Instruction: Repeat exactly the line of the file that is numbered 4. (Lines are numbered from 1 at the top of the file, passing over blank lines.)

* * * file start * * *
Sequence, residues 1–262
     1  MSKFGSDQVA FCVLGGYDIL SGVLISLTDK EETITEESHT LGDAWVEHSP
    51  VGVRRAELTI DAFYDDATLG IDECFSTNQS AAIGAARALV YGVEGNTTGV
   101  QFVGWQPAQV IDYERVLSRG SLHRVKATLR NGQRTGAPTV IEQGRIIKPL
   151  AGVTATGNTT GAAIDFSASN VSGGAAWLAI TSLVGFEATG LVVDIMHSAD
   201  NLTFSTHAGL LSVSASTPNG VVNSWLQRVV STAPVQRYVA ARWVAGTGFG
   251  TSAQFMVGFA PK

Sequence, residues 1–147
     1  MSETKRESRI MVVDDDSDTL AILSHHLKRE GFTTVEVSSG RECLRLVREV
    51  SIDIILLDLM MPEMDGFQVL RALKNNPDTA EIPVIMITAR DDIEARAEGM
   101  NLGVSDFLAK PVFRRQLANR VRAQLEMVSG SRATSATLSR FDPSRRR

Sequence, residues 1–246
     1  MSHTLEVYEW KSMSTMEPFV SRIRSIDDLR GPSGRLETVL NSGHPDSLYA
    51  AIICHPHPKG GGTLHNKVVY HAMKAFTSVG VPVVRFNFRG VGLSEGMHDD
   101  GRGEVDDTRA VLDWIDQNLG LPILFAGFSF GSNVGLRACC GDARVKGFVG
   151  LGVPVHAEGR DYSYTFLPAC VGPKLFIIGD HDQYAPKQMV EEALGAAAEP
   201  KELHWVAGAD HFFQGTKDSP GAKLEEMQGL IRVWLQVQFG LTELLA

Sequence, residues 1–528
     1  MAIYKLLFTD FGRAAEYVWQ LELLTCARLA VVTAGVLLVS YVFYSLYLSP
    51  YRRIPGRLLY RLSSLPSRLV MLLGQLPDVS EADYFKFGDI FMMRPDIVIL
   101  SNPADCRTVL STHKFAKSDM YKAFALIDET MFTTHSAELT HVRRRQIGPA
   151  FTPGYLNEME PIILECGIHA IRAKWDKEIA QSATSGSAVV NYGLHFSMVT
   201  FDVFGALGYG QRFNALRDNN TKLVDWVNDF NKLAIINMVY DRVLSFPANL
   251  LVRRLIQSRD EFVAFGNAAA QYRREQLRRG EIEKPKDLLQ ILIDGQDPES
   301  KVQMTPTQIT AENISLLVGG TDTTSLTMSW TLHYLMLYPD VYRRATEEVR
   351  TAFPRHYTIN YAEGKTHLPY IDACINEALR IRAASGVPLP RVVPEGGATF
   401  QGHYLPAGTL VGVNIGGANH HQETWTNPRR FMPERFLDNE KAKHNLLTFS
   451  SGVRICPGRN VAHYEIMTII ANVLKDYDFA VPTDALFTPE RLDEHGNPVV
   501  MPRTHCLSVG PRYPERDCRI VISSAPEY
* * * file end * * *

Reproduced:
   101  QFVGWQPAQV IDYERVLSRG SLHRVKATLR NGQRTGAPTV IEQGRIIKPL